Cote d'Ivoire: Tthe Miracle of Abidjan

17 February 2024

In July 2022, Sebastian Haller was diagnosed with testicular cancer. When this really hits you, in that moment, all that will matter to you is your life, and this grave threat it now faces.

Football, despite all its intoxicating beauty, and spellbinding magic, will be something which resides in another world.

In such life and death situations, sport loses its glamour, let alone its significance, and it fades away into the distance.

You stop chasing the Manchester United, Manchester City, Arsenal, Liverpool, Dynamos, Highlanders, CAPS United and Chegutu Pirates results.

You begin to face the grim reality of death, where there is no football, no Super Bowl, no Ashes Test, no Harare Derby, no Anfield and no Old Trafford.

You begin to think about your children -- how they will handle your permanent loss, your absence from their lives and your shadow which will never leave the house.

You begin to think about your friends -- how they will handle your loss, your permanent absence from their circle, the great moments you shared, the pain you collectively endured.

For me, it will be about how Solomon Banda, my childhood friend, will take it and try to deal with a tragedy that will take a huge part of himself.

It will also be about how Godfrey JapaJapa, the guy who has been my shoulder to lean on for 30 years, will adjust to a loss that will haunt him for the remainder of his life.

The same will also be true to me in the event that these two guys end up being the ones whose retirement, from this garden of the living, comes first.

This is the grave situation Haller faced just, two years ago, when doctors told him that he had testicular cancer.

He must have known, at the time of his diagnosis, that Dylan Tombides, another footballer who was good enough to play in the English Premiership, lost his battle against this cancer.

After all, Tombides once played for West Ham, the same club which Haller featured for, during his romance with the Premiership.

Like Haller, the Australian was a striker and had arrived at the Hammers as a 15-year-old football prodigy only for his three-year battle with cancer to derail his progress.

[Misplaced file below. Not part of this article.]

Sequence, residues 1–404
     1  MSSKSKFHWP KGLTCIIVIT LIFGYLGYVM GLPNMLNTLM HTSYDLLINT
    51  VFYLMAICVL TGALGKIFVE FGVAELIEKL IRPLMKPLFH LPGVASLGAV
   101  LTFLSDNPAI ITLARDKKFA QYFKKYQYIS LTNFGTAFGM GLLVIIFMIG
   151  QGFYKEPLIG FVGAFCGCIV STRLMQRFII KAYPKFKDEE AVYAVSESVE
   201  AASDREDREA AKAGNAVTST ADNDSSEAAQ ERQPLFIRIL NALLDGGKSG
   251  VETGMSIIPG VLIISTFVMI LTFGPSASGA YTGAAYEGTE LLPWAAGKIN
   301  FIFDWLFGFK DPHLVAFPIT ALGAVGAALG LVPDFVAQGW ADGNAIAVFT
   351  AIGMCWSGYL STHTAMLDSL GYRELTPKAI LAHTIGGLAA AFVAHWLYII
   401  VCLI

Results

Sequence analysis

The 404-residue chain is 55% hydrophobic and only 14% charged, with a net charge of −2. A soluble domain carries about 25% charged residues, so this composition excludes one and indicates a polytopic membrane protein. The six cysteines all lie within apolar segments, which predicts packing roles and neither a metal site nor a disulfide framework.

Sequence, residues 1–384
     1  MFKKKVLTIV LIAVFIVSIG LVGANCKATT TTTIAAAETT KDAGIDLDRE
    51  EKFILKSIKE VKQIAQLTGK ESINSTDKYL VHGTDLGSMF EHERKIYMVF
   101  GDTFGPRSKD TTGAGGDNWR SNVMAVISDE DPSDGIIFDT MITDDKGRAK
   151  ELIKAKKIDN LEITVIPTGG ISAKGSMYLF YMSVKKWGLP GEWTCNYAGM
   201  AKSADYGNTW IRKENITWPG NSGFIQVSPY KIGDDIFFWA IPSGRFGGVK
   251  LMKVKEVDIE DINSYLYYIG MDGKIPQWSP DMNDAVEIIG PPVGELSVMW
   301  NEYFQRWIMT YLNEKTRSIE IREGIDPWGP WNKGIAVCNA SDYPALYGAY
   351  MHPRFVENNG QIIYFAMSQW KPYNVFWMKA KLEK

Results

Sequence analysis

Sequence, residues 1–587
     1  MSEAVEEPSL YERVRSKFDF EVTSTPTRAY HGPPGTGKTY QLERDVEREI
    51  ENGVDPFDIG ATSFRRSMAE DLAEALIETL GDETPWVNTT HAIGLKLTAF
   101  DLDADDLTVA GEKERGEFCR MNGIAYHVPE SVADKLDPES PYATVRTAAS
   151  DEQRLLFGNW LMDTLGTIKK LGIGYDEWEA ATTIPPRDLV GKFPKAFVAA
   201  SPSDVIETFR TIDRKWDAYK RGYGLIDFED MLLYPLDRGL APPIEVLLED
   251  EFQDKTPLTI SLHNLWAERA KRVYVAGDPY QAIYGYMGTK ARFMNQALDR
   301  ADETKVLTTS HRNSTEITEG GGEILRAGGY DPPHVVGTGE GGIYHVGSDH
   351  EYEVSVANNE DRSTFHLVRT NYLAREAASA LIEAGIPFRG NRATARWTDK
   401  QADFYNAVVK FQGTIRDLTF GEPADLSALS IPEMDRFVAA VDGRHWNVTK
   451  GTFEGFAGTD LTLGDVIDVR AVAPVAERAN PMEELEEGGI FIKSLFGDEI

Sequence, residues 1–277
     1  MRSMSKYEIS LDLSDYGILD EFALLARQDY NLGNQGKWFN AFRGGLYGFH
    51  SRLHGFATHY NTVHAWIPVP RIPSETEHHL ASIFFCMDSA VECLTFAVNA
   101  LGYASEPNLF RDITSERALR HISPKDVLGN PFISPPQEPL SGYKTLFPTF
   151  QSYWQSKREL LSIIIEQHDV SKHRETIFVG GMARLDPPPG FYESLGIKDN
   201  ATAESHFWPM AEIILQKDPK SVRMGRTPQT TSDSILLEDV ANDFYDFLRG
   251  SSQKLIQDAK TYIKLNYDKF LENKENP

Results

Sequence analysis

He didn't win that fight and, at the age of 20, on April 18, 2014, Tombides died in London.

He is just one of two West Ham players who were accorded the greatest honour by the club -- to have their shirts retired.

The other one of Bobby Moore who, as England captain, led the Three Lions to their only World Cup success story in 1966.

Brian Piccolo, who was an American football star who played as a running back for the Chicago Bears, was just 26, when he lost his battle against testicular cancer.

Gunnar Nilsson was just 29 when he lost his battle against testicular cancer.

He had made his name as a Formula One driver.

Like Nilsson at the time of his death, Haller is 29 and only turns 30 on June 22 this year.

Two years ago, living long enough to celebrate his 30th birthday this year, didn't appear to be part of Haller's plans.

To be playing football, at this stage of his life, even appeared very remote and, when the first photos of his time on his hospital bed emerged, it was difficult to believe there would be a comeback, in this game, for him.

But, what this cancer didn't know was that it had taken on a real fighter, a proper Elephant.

There were two surgeries and four cycles of chemotherapy for Haller, during his stay in hospital.

"The last 18 months have been challenging for me and my family," he told the BBC last year.

"Given what has happened over the last few months, it's great to be here in front of you.

"The urologist helped me not to be scared, he said I could heal well, I took all his words for granted."


In February last year, Haller returned to competitive football in the colours of Borussia Dortmund.

As fate would have it, his first appearance came on the day the globe marks World Cancer Day.

Dortmund put a tumour at the centre of the field to remind their fans and the world about this beast which had come close to consuming one of their own.

On Sunday, exactly one year later, Haller scored the goal which powered Cote d'Ivoire to victory in the AFCON final in Abidjan.

Football has thrown up some fascinating tales in its history.

None was probably better than the Danish national team, which were ordered to come from their holiday beaches to replace Yugoslavia Euro '92, and ended up winning the tournament.

A team, which had failed to qualify for the tourney, ended up being crowned champions in one of the game's greatest Cinderella tales.

But, one gets this impression that Haller's rise from his hospital bed, after conquering cancer, to drag his nation to Nations Cup glory, is probably the greatest fairy-tale story football has ever scripted.

It wasn't an ordinary goal.

It was a special strike, a delicate flick which showed his awareness, his predatory instincts and his predatory qualities to break Nigerian hearts and send Cote d'Ivoire into a mass outdoor party.

Sport is as special as it is cruel.